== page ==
‘It has a ripple effect’: Load shedding bringing Cape Town’s township businesses to their knees | News24

The results of load shedding on small companies are felt past the midnights.

Photo by Gallo Images/Fani Mahuntsi

  • Small enterprise homeowners concern they might have to shut store if load shedding continues.
  • Many township companies have already suffered losses attributable to energy interruptions.
  • The outages are undermining efforts to develop the economic system and create jobs, the Cape Chamber of Commerce and Industry says.

Small enterprise homeowners in Cape Town’s townships are feeling the results of load shedding, past the midnights.

The misplaced income has seen companies compelled to shut branches and retrench employees, as they battle to maintain income coming in amid stage 6 load shedding, native enterprise boards say.

Khayelitsha Business Forum’s Mzee Kutta stated that many township companies have been feeling the monetary results of the hours misplaced attributable to load shedding.

He added that, though companies make much less cash when the lights go off, they’re nonetheless anticipated to pay the identical hire, and this locations pressure on smaller companies.

Kutta has been personally affected by the load shedding. He owns quite a few laundries and has needed to shut one of many branches.

He stated:

There is lots of uncertainty. People cannot work in order that they have much less cash. Because of the influence of load shedding, persons are being requested to not go to work or are retrenched.

Fellow enterprise proprietor Agnes Mayeki says her development firm has probably misplaced out on tenders as a result of she has not been capable of submit documentation on time.

“It affects us a lot. We can’t do anything. We can’t print or do quotations. It’s especially bad when we have dates on which we have to submit documents for tenders, but there is no electricity,” she stated.

Along with shedding out on enterprise, Mayeki says her employees have additionally felt the pinch as a result of they aren’t capable of work their common hours.

READ | TAKE A LOOK: How SA’s worst year of load shedding played out

Langa Business Forum’s Siseko Mngxali says load shedding has considerably impacted companies throughout all sectors.

“For instance, some of our members own sports bars where people come to watch TV. But due to the load shedding, their TVs are damaged, and their fridges have broken. There’s no one to pay them back for it. And if it’s load shedding, people won’t come to the sports bar.”

He added that meals distributors have been additionally severely affected, with their inventory going off when their fridges misplaced energy.

‘Enormously disruptive’

“For a small business that relies on fridges, the load shedding has a very negative impact. If their stock goes off, no one compensates them for the loss,” Mngxali stated.

He stated that some companies could also be compelled to shut attributable to losses introduced on by load shedding, including:

This means a loss in income for our neighborhood. Township companies are interconnected and are provided by different companies within the space. If a shisanyama closes, the grocery store it purchased meat from shall be affected. There’s a domino impact.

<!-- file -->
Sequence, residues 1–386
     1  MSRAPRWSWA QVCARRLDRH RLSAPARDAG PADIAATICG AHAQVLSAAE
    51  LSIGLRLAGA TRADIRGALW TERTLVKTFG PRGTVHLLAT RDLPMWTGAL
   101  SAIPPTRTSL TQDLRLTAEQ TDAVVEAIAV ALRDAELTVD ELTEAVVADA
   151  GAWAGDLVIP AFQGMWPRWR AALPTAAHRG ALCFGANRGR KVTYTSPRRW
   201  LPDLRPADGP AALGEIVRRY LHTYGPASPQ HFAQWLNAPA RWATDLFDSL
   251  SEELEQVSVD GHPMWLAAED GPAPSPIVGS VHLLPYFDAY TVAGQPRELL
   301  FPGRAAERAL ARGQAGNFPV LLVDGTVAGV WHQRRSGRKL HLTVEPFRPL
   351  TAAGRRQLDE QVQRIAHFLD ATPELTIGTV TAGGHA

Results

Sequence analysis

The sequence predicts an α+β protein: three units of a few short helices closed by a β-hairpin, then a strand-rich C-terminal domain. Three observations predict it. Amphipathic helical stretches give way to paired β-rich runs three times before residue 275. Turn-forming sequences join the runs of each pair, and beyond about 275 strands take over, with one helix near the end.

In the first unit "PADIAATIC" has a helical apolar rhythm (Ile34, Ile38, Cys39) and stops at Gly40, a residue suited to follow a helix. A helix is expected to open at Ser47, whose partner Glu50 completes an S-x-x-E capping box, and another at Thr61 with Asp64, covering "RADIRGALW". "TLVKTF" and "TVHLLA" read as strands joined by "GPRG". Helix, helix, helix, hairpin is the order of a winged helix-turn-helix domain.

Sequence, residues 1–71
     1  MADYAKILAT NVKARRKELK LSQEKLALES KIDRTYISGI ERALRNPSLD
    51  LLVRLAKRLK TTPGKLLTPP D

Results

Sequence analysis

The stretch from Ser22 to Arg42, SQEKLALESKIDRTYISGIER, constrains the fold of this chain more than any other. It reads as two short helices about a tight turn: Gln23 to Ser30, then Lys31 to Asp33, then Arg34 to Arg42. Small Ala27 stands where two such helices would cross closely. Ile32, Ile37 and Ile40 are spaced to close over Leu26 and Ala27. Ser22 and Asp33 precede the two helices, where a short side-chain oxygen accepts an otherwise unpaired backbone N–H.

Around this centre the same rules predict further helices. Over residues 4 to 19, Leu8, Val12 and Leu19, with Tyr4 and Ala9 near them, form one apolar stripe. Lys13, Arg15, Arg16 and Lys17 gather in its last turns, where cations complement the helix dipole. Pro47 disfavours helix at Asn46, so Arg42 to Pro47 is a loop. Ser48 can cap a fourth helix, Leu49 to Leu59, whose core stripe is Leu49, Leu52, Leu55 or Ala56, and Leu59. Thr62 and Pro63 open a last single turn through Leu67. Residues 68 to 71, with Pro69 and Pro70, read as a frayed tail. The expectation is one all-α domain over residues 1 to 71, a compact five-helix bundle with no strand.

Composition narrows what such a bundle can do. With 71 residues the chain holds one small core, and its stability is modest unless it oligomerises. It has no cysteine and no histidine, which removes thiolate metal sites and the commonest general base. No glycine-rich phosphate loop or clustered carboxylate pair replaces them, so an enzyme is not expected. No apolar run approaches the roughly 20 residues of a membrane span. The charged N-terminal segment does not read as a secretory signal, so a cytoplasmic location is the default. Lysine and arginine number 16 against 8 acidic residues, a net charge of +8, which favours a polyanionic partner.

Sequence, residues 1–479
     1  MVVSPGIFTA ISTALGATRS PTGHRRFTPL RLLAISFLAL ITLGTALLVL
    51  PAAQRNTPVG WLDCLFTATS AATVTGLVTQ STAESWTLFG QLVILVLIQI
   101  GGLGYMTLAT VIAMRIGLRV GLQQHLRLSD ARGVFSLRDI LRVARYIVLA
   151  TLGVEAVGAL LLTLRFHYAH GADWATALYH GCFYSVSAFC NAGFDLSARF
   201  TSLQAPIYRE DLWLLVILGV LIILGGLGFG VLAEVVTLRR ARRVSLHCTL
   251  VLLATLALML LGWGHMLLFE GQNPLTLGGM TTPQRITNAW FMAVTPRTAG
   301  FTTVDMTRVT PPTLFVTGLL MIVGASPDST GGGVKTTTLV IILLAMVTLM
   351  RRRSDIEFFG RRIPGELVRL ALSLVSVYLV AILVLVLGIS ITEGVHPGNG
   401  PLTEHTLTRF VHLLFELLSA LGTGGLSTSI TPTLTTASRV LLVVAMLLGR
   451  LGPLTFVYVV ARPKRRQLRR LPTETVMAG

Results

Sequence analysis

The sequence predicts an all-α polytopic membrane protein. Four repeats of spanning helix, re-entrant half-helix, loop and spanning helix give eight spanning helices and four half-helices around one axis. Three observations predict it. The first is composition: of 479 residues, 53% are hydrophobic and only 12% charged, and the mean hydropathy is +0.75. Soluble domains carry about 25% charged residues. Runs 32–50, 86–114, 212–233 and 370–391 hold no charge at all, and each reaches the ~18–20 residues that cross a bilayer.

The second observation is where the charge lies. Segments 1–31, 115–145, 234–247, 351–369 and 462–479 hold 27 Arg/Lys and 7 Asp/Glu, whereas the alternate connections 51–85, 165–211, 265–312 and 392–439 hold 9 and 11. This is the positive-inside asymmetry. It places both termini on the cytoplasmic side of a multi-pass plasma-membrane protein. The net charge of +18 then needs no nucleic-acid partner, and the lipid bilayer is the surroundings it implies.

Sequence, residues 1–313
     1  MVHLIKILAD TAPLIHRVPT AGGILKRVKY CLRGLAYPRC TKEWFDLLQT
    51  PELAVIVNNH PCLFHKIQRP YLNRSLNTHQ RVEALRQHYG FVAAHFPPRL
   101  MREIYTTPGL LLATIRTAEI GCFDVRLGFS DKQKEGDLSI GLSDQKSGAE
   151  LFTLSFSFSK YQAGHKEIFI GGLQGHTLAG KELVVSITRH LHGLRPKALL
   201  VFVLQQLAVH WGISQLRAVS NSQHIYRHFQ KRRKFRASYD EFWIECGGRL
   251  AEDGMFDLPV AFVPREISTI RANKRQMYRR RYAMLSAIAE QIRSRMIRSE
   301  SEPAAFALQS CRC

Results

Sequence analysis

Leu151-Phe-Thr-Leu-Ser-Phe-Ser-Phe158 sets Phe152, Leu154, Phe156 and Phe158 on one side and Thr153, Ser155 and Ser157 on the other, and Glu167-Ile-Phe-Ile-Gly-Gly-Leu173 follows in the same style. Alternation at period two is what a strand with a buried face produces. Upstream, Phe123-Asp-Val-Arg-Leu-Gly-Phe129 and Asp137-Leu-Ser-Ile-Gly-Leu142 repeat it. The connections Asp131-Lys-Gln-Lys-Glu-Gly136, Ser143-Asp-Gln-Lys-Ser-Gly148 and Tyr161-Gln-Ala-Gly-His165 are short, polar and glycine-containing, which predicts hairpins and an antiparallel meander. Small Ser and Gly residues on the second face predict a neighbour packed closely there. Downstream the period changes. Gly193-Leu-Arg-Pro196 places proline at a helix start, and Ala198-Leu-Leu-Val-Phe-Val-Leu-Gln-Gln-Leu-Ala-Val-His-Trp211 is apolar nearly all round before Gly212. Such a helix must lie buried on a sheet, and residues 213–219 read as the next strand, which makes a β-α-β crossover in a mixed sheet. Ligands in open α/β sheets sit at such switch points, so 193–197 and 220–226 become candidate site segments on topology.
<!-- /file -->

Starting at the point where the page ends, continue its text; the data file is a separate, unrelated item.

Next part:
Gugulethu Business Forum’s Mlugnisi Mazana stated small companies have been extra more likely to be affected by the ability outages than bigger firms, particularly in the event that they weren’t capable of function.

“The operating time lost to load shedding heavily impacts on a small business owner’s income. It has a ripple effect, with businesses forced to shed jobs,” stated Mazana.

He added that aspiring enterprise homeowners have been more likely to be discouraged when witnessing the results of load shedding on companies of their neighborhood.

“People look up to small and medium enterprise owners and may hope to follow suit one day. But they will decide to put the brakes on their dreams if they see businesses closing down, not understanding that a major contributor to that is load shedding.”

READ | Rolling blackouts: The dark reality facing small business owners battling to stay aloft

Cape Chamber of Commerce and Industry president Jacques Moolman stated load shedding was “enormously disruptive to the economy and the society at large”.

“Small business is particularly affected, which undermines the government’s mandate to grow the economy and create jobs. In particular, it undermines key job-creation sectors such as the hospitality sector, with micro-enterprises hardest hit because they often lack the resources to afford contingency plans such as generator backup power,” he stated.

City of Cape Town Mayco Member for Economic Growth James Vos stated load shedding “comes at a huge cost to businesses”, with many compelled to “divert finances from necessities such as hiring more staff towards buying equipment that will keep the lights on and machines running”.

“The City of Cape Town is currently the only municipality able to limit load shedding in its supply areas by building up reserves garnered from the well-maintained Steenbras Hydro Pumped Storage Scheme,” he stated.

“The current situation again illustrates how necessary it is for Cape Town to further reduce its reliance on Eskom as soon as possible. Much work is already under way as it pertains to the City’s own build, small-scale embedded generation, wheeling and independent power producer programmes.”

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